Lung cancer is a condition whereby cells in the lungs begin to divide uncontrollably to form a tumour – a mass of diseased or abnormal cells. Lung cancer doesn’t usually produce any symptoms in the early stages, but as the cancer begins too spread into neighbouring areas, warning signs tend to appear. One common warning sign is having an ache or pain in the chest or shoulder, according to Cancer Research UK.
Other common symptoms include:
- Having a cough most of the time
- Having a change in a cough you have had for a long time – it may sound different or be painful when you cough
- Getting out of breath doing the things you used to do without a problem
- Coughing up phlegm (sputum) with blood in it
- Chest infections that keep coming back or a chest infection that doesn’t get better
- Losing your appetite
- Feeling tired all the time (fatigue)
- Losing weight
When to see a GP
As Cancer Research UK points out, these symptoms may not be due to cancer but it is important to get them checked by a doctor.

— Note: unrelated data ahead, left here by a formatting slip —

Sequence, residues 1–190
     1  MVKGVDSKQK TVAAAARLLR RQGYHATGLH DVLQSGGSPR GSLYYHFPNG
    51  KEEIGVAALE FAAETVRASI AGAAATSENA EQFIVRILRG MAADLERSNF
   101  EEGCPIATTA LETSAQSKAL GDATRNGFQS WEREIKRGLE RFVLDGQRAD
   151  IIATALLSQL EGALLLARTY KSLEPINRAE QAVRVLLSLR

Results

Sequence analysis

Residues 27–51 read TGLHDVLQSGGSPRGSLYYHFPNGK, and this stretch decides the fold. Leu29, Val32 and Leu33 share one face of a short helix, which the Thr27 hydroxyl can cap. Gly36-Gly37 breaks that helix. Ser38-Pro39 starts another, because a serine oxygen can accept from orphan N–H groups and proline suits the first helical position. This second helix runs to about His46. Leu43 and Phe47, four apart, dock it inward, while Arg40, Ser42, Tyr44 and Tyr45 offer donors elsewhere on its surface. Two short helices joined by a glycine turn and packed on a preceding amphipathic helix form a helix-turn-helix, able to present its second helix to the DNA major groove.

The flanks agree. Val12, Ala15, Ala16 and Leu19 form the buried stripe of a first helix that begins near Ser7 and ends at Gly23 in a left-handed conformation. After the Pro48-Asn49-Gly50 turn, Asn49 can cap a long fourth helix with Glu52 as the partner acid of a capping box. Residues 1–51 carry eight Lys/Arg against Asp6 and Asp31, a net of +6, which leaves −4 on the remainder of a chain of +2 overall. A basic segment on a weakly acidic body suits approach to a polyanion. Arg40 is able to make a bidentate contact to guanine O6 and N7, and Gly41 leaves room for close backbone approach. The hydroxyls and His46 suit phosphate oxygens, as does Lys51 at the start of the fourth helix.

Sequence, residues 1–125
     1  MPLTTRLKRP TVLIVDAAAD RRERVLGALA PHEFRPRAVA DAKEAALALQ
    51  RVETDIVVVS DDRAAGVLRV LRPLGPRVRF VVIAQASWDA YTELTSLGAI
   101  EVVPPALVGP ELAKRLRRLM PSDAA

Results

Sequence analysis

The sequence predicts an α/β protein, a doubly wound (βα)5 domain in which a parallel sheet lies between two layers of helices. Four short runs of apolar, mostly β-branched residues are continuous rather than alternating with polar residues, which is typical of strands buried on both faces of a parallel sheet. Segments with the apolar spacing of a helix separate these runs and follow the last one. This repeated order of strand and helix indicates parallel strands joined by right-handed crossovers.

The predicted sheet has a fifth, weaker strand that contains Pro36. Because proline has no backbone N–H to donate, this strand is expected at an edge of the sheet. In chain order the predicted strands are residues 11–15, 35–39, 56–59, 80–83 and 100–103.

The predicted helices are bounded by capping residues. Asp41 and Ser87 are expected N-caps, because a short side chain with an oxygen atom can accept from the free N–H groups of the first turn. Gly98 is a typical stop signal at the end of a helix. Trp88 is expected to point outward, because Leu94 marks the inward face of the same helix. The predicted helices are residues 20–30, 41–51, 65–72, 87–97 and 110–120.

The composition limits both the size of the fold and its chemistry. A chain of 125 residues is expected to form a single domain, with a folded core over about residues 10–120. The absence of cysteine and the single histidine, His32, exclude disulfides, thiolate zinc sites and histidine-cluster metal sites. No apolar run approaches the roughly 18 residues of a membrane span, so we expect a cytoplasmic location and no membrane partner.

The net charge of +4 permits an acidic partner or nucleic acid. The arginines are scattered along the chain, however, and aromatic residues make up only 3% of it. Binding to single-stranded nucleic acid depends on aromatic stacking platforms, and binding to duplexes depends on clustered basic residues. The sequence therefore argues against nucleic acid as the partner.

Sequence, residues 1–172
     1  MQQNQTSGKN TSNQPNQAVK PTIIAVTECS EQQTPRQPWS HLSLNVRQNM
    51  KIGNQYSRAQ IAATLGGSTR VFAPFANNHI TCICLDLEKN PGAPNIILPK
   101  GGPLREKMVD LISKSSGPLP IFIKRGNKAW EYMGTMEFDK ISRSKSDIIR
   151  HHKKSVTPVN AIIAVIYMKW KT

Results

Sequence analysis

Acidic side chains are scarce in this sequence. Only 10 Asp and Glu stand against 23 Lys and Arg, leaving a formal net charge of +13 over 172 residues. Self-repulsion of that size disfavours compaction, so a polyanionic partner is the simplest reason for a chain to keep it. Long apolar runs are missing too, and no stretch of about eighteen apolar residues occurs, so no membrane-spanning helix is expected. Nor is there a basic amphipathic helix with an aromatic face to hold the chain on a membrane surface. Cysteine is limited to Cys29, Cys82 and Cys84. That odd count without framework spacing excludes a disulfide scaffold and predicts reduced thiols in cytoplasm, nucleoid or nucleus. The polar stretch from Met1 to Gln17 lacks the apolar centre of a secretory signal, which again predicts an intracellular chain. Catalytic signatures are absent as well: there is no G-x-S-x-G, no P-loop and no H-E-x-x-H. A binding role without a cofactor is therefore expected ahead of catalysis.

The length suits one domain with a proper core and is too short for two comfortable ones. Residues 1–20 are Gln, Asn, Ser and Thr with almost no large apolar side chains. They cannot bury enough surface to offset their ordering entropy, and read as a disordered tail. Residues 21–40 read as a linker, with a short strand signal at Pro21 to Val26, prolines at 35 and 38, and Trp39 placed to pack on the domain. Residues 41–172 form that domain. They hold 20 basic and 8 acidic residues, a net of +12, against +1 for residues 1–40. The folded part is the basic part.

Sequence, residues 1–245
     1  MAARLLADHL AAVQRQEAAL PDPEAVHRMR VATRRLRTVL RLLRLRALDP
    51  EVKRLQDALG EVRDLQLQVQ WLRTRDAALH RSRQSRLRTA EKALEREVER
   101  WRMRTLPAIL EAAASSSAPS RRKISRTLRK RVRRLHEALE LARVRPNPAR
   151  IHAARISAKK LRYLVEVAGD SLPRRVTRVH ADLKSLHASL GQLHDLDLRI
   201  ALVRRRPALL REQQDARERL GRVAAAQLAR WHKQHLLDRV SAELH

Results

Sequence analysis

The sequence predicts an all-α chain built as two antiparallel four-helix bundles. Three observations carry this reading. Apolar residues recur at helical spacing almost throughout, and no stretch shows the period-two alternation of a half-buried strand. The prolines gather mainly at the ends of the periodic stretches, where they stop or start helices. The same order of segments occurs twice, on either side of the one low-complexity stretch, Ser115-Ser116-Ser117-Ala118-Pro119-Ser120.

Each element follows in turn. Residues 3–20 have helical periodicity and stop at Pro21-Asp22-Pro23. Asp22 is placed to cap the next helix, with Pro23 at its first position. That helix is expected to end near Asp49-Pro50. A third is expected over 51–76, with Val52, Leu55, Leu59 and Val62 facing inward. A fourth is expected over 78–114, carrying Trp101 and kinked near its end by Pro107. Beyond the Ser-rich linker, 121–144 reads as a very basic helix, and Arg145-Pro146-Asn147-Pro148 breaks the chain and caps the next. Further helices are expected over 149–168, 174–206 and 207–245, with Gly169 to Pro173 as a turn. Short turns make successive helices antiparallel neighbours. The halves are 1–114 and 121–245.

“A cough is also a symptom of coronavirus. It is still important to contact your GP if you have a new or worsening cough,” advises the charity.
They can speak to you over the phone or by video call and arrange for tests if you need them, it says.
How to treat it lung cancer
Your treatment depends on the type of lung cancer, where it is, its size, whether it has spread, and your general health.
Surgery, radiotherapy and chemotherapy make up the main forms of treatment but other treatments are sometimes used to treat lung cancer.
“Photodynamic therapy (PDT) can be used to treat early-stage lung cancer when a person is unable or unwilling to have surgery,” says the NHS.
It can also be used to remove a tumour that’s blocking the airways, it adds.
Am I at risk?
Certain lifestyle factors are strongly associated with lung cancer, the most common being smoking tobacco.
Around seven out of 10 lung cancers are reportedly caused by smoking.
This includes breathing in other people’s cigarette smoke.
As an incentive to curb the unhealthy habit, your risk increases the longer you smoke and the more you smoke, explains Cancer Research UK.
Previous lung diseases can increase your risk of lung cancer, says the health site.
Chronic obstructive pulmonary disease (COPD) is also called chronic obstructive airways disease.
As Cancer Research UK explains, COPD usually develops because of long-term damage to your lungs from breathing in a harmful substance, usually cigarette smoke.
“Your risk of lung cancer is higher if you have COPD or lung infection (pneumonia) compared to people who don’t have it,” it warns.
Published at Fri, 29 May 2020 16:29:00 +0000